The Hausner ratio of a granular material is defined as a measure of the interparticle friction or cohesiveness of the material (Kennedy and Panesar 2006). The description of granules degree of compaction is defined by this ratio, and it can be defined as the ratio of the tapped density to the bulk density. The presence of high inter-particle friction is indicated by a larger value (Abdullah and Geldart 1999). The friction is affected by the class of material used; the granules size and shape, the surface, the size distribution, the atmospheric conditions (humidity and temperature) and the inter-particle forces (e. g. cohesion and electrostatics).

A higher Hausner ratio means that the material is more cohesive and less able to flow freely. A Hausner ratio of less than 1.5 has been used to indicate good flowability (Thalberg et al. 2004) since particles at this ratio show little potential for further consolidation. In this study, all lyophilized granules were free flowing as indicated by Hausner ratios ranging from 1.07 to 1.16. In spite of this quality, the highest Hausner ratio was observed for the sample AMCC, which shows an increased inter-particle friction. The sample AHPMC showed the lowest Hausner ratio value followed by the sample AP. However, the Hausner ratio of the granules were similar despite the type of the filler. Chan et al. (2011b) correlate the values of the Hausner ratio with the concentration of the polymer rather than with the type of the filler. In our study, the similarity can be derived from the fact that was not a significant difference in regarding the size of the obtained granules.

Entrapment of Bifidobacterium lactis 300B in fresh granules

The entrapment of cells is influenced by the encapsulation process. The counts of the encapsulated cells were calculated based on the ratio of viable cells after encapsulation over the initial number of viable cells in the slurry.

Entrapped cells survival after the encapsulation process decreased in all the cases. However, the granules matrix composition provided a different degree of protection to the entrapped cells resulting in different survivability values. The encapsulation procedure was the same for all seven samples. It can be observed a greater number of surviving cells, by providing Bifidobacterium lactis 300B with a proper covering matrix. It is reported in the literature (Rodriguez-Huezo et al. 2007) that the oxygen protection immediately after gelation has a beneficial effect by reducing the decaying rate of cells consistently. The specific property of pullulan to form strong, oxygen-impermeable films is consistent reported (Leathers 2003; Singh et al. 2008).

This statement supports our results, shown in Fig. 4 where the survival rate of the probiotic cells under the same conditions is observed, indicating that the formulation of sample AP, were the pullulan filler was used, offer the best protection, providing a value of 1013 CFU/g immediately after encapsulation. The granules where the HPMC filler was used, reduce, to some extent, the protective effect, but the survivability is still high compared to the rest of the samples: 1012 CFU/g compared to 109 CFU/g the mean of the rest samples. It is interesting to observe that this granules variation was also positive for the freeze drying process and storage conditions.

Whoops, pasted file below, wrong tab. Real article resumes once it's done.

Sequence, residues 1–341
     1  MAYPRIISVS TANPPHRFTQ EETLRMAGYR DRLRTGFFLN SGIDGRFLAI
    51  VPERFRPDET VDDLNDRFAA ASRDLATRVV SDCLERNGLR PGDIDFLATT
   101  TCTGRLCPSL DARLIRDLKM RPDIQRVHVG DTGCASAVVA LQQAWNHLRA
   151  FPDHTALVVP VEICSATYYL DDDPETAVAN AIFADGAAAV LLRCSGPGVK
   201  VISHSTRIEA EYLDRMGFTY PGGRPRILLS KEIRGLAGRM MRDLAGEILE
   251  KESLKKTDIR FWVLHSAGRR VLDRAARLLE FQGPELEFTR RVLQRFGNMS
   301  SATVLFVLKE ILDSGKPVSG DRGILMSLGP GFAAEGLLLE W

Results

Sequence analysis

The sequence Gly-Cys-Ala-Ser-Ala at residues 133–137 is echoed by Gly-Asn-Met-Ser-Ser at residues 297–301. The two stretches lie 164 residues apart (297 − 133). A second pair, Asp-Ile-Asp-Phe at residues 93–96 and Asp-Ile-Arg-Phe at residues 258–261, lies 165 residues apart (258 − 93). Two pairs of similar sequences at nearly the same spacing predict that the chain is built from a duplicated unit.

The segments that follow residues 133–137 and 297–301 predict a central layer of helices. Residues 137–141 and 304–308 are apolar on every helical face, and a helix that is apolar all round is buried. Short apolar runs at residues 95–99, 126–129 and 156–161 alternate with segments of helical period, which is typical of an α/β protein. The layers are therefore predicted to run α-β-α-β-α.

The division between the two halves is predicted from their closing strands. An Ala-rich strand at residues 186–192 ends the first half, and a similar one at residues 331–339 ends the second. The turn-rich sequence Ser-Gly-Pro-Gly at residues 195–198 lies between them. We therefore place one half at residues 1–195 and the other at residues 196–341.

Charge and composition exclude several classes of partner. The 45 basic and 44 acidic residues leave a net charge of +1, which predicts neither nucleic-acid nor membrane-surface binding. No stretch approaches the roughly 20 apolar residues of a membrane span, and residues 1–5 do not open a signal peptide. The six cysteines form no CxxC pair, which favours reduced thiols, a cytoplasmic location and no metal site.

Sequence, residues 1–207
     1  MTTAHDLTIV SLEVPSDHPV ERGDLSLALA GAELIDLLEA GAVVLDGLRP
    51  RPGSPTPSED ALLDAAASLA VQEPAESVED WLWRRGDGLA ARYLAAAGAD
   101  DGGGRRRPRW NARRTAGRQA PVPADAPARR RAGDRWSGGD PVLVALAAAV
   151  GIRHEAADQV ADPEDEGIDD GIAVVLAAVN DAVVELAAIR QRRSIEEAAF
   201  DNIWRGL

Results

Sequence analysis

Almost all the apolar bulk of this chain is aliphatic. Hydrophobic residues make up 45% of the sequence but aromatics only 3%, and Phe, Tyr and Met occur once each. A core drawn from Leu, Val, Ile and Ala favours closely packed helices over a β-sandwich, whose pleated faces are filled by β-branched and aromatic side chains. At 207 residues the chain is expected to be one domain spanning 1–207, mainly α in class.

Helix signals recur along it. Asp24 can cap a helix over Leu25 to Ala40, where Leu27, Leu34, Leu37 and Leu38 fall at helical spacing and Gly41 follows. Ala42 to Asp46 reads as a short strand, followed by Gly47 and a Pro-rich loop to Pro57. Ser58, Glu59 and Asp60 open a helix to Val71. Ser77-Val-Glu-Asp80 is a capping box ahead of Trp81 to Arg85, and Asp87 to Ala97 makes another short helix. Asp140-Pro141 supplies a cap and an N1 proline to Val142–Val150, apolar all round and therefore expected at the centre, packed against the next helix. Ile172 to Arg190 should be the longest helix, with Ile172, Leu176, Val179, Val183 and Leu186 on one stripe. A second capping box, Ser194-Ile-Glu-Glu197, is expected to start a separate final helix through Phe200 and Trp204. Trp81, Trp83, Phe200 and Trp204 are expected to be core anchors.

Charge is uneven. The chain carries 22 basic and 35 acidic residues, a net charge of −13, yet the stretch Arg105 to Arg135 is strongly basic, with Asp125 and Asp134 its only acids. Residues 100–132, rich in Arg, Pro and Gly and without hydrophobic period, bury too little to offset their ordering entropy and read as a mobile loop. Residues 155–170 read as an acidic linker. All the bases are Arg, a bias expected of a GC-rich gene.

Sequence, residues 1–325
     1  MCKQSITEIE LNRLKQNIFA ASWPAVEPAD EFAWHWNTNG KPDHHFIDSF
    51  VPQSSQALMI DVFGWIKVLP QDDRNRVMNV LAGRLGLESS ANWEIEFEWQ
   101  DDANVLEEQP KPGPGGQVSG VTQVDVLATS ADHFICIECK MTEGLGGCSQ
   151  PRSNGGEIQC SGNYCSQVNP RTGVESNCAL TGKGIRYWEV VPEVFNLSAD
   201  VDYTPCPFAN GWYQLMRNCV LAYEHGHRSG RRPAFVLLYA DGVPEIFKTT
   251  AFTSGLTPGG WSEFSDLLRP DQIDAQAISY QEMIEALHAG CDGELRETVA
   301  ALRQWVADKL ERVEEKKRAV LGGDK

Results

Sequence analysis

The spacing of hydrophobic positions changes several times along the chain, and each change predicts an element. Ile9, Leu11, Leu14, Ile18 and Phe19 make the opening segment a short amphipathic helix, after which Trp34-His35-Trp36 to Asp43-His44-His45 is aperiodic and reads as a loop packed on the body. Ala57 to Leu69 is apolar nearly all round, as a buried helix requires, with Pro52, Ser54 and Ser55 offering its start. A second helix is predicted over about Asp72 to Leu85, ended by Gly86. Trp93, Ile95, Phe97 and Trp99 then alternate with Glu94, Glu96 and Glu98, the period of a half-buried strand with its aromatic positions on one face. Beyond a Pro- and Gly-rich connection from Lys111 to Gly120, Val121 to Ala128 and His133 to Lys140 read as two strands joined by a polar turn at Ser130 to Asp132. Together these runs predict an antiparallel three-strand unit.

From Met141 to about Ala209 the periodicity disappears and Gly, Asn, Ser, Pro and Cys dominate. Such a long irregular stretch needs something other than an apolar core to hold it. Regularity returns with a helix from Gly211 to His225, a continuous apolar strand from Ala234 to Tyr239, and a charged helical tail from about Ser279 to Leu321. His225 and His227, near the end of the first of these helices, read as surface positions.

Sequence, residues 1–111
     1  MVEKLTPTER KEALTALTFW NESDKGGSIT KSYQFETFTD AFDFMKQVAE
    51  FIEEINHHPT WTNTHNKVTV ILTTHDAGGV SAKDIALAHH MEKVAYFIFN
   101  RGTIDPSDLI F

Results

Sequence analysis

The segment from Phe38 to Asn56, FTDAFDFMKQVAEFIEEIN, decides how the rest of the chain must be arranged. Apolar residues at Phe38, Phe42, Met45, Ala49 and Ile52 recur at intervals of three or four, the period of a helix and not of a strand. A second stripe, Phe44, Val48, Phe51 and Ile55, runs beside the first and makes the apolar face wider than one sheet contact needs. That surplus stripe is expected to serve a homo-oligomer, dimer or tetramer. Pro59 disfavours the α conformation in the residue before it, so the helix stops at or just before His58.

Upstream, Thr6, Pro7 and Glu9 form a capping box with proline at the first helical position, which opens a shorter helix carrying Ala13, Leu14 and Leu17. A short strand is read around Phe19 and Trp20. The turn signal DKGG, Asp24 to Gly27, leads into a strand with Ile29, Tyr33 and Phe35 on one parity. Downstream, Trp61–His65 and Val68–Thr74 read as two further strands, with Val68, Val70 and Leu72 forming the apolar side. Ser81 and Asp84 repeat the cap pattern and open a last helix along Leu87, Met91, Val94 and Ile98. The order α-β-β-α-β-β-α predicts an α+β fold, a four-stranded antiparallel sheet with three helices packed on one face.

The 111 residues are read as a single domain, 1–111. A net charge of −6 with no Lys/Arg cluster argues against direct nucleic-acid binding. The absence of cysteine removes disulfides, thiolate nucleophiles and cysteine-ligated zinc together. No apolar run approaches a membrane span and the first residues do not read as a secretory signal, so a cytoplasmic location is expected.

Fig. 4
Viability of anaerobic bacteria in the slurry and loaded in the seven types of alginate based granules after encapsulation, expressed as log10 CFU/g. The error bars represents standard deviation of the means

The number of live cells found in the granules after the encapsulation process influences the number of living cells that will be found in any final product. Chan et al. (2011b) correlate the survival of entrapped cells after the encapsulation process to the physical properties of the granules. Our results fell in between because the samples with HPMC, pullulan and starch showed the best physical properties (in this order), while the best survival rate was observed in the alginate/pullulan formulation. In this specific case, the oxygen protection of pullulan balanced the expense of the physical properties.

Viability after freeze drying process

The application of shock freeze to the fresh granules caused considerably less shrinkage (data not show). For all the samples, the reduction in mass was greater than 92 %. This value is important in the scaling up process.

The freezing rate controls the nucleation and growth of ice crystals that are necessary to initiate the freezing process (Maa and Prestrelski 2000). Slow freezing creates conditions that allow the ice nuclei to grow into larger crystals. Rapid freezing affects mainly the number of the nuclei and not their size. However, fast freezing creates smaller ice crystals than slow freezing (Maa et al. 1999; Maa and Prestrelski 2000). These findings are associated with changes of protein state, as well as of the cells phospholipid membrane, during the freeze drying process. The deteriorative reactions are: damages created by large crystals to the cell membrane, and freezing induced unfolding of proteins. This process affects the survivability of the entrapped cells as is evident in Fig. 5.

Fig. 5
Survival of Bifidobacterium lactis 300B before and after freeze drying in samples AHPMC and AP. The error bars represents standard deviation of the means